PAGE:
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a minute of manners and musings
tips for the tipsy
March 15, 2011Posted by on
*This is a post I wrote after a porch party last spring. Today’s weather seemed to call for it. Enjoy!
I love all things tipsy. Not that kind of tipsy. Well, maybe, sometimes, that kind of tipsy. This is the tipsy I love: the way a person tips his head toward a friend when they first meet; beautiful edibles offered from a tray as it is tipped in my direction so I can taste something new; the way a new bottle of wine tips sideways in an icy container as it chills; the way the clock tips the day from business to pleasure. And, I love to tip my glass with friends. I’ll bet if you stopped to think, you would realize you like getting tipsy, too, but in different ways.
Conducting oneself with grace and ease during these times of tipsy, however, seems to be a lost art. We’ve all seen it. Someone holding a glass of wine in one hand and texting with the other. Someone taking a few nuts from a bowl using their fingers fresh from running them through their hair. The wallflower who looks and acts miserable. Then, of course, there is the old fashioned definition of tipsy that always brings obnoxious and embarrassing scenes one hopes never find their way to places like Facebook and Twitter.
So, here are some etiquette tips for the new ways of getting tipsy.
Whether you are planning a full-out event or simply a backyard get-together, relax. Old etiquette rules would have you wound tight over a few weeds in the beds or not enough linen cocktail napkins. New etiquette is less about the rules and more about enjoying life in a way that allows you to put your best foot forward.
- Where food is concerned, less is more. Resist the urge to fill up empty space on a table with bowls and saucers of hard to eat and unhealthy fares. Choose 2 or 3 interesting and tasty treats and be done. This approach lets you spend less time in the kitchen and more time ensuring your guests are comfortable and enjoying themselves. Remember, it’s not about the stuff, it’s about enjoying the company.
- When you are deciding on what kind of drink to offer, go simple and have fun with it. You don’t have to wait for a life-changing event to occur before you break out the bubbly. Have fun with what you serve and how you serve it. As a break from the expected, use stemless wine glasses to serve sparkling white wine rather than champagne flutes and ice down the bottles in a small planter. This casual approach makes it easier for new guests to unwind while they meet new friends. Worried this would be viewed as a breach of entertaining etiquette? Remember, the basis of displaying nice manners is to act in a way that makes yourself look good and others feel comfortable. Think about it…wouldn’t it be easier to handle a stemless glass rather than a flute while you also juggle a nibble?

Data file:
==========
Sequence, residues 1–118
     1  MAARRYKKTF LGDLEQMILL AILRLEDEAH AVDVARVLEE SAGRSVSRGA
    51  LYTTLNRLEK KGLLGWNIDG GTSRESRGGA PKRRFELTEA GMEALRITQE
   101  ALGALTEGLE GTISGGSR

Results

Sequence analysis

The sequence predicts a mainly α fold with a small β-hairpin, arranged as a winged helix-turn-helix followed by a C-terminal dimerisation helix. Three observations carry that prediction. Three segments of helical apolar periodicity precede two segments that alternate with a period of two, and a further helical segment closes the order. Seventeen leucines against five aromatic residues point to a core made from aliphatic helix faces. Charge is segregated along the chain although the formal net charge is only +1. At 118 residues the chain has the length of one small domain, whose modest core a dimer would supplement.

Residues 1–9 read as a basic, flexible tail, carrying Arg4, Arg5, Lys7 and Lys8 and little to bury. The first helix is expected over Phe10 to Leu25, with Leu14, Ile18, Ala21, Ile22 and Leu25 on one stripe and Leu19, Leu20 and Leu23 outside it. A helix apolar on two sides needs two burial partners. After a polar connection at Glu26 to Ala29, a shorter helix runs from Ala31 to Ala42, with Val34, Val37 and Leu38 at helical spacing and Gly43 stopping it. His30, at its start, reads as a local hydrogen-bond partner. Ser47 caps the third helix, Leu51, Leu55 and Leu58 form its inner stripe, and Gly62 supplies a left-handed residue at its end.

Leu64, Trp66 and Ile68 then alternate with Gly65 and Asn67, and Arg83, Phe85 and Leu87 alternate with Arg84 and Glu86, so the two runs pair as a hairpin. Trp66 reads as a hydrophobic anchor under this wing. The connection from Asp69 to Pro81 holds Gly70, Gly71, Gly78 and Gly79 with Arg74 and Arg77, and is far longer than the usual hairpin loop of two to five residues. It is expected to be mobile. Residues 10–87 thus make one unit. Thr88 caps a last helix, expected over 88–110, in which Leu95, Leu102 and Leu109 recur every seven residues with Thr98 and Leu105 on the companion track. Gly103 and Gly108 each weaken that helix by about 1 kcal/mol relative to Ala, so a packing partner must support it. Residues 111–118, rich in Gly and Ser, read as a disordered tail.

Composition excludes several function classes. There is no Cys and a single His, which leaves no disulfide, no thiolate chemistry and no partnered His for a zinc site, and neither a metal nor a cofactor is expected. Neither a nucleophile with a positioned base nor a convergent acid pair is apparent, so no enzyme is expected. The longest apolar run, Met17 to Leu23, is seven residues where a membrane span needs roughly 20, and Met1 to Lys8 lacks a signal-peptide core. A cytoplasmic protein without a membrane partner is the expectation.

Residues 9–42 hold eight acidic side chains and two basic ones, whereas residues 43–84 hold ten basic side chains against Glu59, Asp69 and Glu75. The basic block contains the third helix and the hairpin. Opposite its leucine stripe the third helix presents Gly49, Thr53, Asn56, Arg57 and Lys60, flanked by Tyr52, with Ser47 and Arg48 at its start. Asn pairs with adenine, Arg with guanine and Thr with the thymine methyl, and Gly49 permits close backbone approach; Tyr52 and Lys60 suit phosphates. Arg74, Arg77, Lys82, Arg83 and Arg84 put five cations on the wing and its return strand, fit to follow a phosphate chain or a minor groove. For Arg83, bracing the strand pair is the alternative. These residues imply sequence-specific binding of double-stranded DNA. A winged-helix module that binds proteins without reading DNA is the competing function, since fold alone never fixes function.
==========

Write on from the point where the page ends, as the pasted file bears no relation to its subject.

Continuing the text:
- Reach deep into your address book when coming up with a list of guests. Bring in new and interesting acquaintances you know would like to meet new people. And,
- Make sure you are up on your introduction skills. Use first and last names and offer a tidbit of information on each person so easy conversation will follow.
It’s easy to forget that guests have responsibilities, too. The burden of a great gathering does not rest solely on the shoulders of the hosts. Guests should arrive with no expectations of pretension, glamour and glitz. People are different today versus 3 years ago. Recent events have taught us to value what is real in life and to appreciate the unexpected. While you may be tempted to pass judgment on a host’s decision to use paper products or to serve only beer and assorted nuts rather than an elaborate spread, – gasp! – realize that you may be the one who is outdated. You didn’t hear about this new ale brewed in your hometown? Maybe you weren’t listening when someone said the pecans were gathered in the host’s backyard and toasted just for tonight’s guests. Be appreciative when you are offered an evening of dialed back formality and enjoy something new.
- Offer a toast to your hosts to show appreciation for bringing friends together. Nothing formal; keep it light. Just remember to clink with the bottom of the glass so you won’t swap germs.
- Casual doesn’t mean your manners don’t have to make an appearance. Appetizers and finger-foods should be taken with a napkin in hand – no eating directly from the tray. Certainly don’t over-indulge since you likely were not invited to be the evening’s entertainment. If you contributed a food item or bottle of wine, don’t take home the leftovers. Those are for the hosts.
- Offer the hosts a hand and replenish food or drink when you notice something is running low. They will appreciate the hand!
- Mingle. Your shyness could be misinterpreted to mean you are not enjoying yourself and that is offensive to those who invited you.
Now, gather up some friends and find new ways to get tipsy – nicely.
Try this recipe when you want something tasty to eat, quick to prepare and easy to eat.
Prosciutto Pear Cups
Thinly sliced prosciutto, cut in 4” square pieces to line the cups of a mini-muffin pan
Fresh pear, diced
Line mini-muffin pan cups with prosciutto, bake at 400 degrees for about 10 minutes or until crispy. Prosciutto will pop out of the pan shaped as little cups. Stack diced pear and a dollop of goat cheese inside the cup. Drizzle with honey. Serve with Pearly Bay Celebration.